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Released 1992 – RDS Fonográfica 4005
1. Voz Ativa (Versão Rádio) 5:09
2. Voz Atica (Versão Baile) 5:09
3. Voz Ativa (Capela) 5:09
4. Negro Limitado 6:28
“Precisamos de um líder de crédito popular”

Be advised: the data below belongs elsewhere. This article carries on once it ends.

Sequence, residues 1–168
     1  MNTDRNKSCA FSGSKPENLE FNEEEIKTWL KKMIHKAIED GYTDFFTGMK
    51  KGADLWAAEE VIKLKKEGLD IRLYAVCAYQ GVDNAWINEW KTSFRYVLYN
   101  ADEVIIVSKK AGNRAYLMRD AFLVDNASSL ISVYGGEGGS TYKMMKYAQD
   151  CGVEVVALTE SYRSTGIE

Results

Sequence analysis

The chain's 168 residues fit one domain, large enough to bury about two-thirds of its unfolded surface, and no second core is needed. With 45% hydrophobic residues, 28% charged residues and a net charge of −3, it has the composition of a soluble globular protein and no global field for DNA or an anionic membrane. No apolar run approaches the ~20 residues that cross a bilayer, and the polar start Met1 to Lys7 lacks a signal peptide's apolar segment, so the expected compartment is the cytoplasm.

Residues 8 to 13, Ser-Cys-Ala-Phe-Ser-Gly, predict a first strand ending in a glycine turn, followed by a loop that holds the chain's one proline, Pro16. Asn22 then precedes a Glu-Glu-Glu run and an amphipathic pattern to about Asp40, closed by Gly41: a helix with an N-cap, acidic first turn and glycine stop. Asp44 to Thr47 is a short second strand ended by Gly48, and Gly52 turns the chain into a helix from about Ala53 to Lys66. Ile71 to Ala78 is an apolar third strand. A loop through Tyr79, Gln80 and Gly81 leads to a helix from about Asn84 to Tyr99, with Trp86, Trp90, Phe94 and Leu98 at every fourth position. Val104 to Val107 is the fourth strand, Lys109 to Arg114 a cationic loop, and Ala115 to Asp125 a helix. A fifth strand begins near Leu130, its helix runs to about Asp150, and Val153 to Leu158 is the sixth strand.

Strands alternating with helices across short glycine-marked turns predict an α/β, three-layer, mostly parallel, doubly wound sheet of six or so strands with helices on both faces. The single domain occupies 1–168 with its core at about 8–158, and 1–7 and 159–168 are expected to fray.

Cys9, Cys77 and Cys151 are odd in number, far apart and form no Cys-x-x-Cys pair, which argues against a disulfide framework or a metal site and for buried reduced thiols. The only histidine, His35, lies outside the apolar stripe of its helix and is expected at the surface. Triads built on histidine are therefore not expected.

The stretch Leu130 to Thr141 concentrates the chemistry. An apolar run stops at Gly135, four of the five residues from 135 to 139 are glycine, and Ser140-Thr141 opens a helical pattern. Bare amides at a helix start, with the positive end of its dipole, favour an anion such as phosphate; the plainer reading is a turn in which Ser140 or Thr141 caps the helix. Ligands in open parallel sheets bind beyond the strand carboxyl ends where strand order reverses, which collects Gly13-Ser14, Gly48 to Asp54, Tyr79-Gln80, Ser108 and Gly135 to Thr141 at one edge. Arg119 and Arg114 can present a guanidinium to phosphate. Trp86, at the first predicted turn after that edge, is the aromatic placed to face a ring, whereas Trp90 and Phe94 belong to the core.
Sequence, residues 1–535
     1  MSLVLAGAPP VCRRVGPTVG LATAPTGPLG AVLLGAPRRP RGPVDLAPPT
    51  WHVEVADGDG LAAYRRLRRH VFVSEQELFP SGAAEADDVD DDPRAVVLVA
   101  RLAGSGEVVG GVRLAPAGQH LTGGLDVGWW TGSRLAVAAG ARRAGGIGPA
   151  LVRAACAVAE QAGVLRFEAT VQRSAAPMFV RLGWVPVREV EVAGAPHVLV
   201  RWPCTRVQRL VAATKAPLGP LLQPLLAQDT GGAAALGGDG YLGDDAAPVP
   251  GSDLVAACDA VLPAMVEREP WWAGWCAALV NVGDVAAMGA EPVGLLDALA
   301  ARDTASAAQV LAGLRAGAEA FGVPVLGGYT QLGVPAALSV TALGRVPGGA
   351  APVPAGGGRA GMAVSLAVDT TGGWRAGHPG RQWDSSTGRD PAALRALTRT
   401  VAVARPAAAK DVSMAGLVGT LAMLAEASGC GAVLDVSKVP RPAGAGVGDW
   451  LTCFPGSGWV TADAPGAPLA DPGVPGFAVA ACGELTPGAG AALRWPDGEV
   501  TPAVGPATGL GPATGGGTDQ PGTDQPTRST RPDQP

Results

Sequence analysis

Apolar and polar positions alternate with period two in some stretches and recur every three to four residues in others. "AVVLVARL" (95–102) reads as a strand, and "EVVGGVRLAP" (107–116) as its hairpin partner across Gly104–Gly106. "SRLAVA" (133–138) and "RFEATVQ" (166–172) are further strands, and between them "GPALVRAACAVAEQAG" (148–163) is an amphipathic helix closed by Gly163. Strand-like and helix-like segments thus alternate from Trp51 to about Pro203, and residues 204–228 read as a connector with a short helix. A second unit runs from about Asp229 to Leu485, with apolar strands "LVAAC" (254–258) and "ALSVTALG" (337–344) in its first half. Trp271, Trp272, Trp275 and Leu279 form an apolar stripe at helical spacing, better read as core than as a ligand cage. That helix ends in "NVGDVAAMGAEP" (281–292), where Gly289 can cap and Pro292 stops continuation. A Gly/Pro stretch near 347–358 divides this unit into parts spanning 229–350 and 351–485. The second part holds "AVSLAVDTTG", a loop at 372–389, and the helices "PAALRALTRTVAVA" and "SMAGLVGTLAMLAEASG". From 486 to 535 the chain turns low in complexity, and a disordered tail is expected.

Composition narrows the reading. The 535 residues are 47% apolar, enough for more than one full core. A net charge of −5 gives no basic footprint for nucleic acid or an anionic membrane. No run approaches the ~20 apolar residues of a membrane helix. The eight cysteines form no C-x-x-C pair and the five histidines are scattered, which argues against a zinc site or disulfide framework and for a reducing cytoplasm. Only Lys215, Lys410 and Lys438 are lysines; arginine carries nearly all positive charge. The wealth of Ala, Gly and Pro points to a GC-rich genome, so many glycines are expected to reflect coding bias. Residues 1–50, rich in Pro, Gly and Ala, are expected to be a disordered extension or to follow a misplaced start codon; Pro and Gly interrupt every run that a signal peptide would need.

Thursday morning, I had a whole other blog post of laid-back, groovy post-bossa nova, feel-good music all ready to post. But the news of the day about the brazen assassination of the Brazilian activist Marielle Franco in Rio de Janeiro on Wednesday evening, suddenly made me a lot less enthusiastic about sharing happy music. Marielle, who was young, gifted, black and gay, was giving a voice to the “marginalized” citizens of Rio who in fact make up the majority of the populace. For those who don’t know, Rio was recently placed under a kind of martial law due to a combination of rising rates of violent crime and the notorious police corruption there. It’s worth pointing out that Rio isn’t even in the top ten most violent cities in the country – the Northeast region takes the lead in that statistic – but because of Rio’s international profile and its pearl-clutching upper-middle class, it received the “gift” of a military intervention to handle ‘security’ issues. Marielle, who was recently elected to the city council, had the audacity to openly question the aggressive policing practices in the favelas that criminalize the poor just for existing, and to insist on the basic universal rights of dignity and respect. Mere days later, she is murdered in a car, execution style, along with her friend and driver, Anderson Pedro Gomes. This has really shaken people up in Brazil in a way that is unprecedented in recent history. Although the targeting and killing of activists (and the impunity of those who ordered their murders) did not cease after Brazil’s tentative restoration of democracy in the late 80s, the killing of Marielle is especially painful because it highlights how Black Lives Don’t Matter in Brazil. If this statement seems contentious to you, try reading the comments section on any Brazilian news story about this (if you can’t stomach it), and you’ll find “regular Brazilians” saying she deserved her fate because she was defending the human rights of “criminals”, and much worse sentiments. Or better yet, don’t waste your time, and just listen to this EP/extended single by Racionais MC’s, one of the pioneers of Brazilian rap, which followed the release of their first full-length album. Racionais MC’s are from São Paulo, where a teachers’ strike earlier this week was met with riot police, tear gas, and beatings. Beatings of teachers. For anyone with friends and family in Brazil, the last few years have been especially hard, watching the country unravel, with large chunks of the population embracing a reactionary politics that is fundamentally undemocratic in ways that can’t avoid evoking comparisons to the twenty-plus years when the country was ruled by an authoritarian military regime. There is a new generation that is too young to remember those days, and sometimes it seems like a collective amnesia haunts the country and prevents it from really grappling with its troubled past in the way that other nations have done when emerging from similar national nightmares. As difficult as it is to watch from afar, it is much harder to be there living through it, and the killing of Marielle is being interpreted by many as an unsubtle warning to dissenters from the current (undemocratically installed) kleptocracy in power. But so far, the tragedy seems to be galvanizing the resistance and I hope that momentum continues. The whole world over, it really seems as if bourgeois democracy is coming apart at the seams. But oppressors always sow the seeds of their own undoing. As one North American hypocrite once said, “Those who make peaceful revolution impossible…” Well you probably know the rest.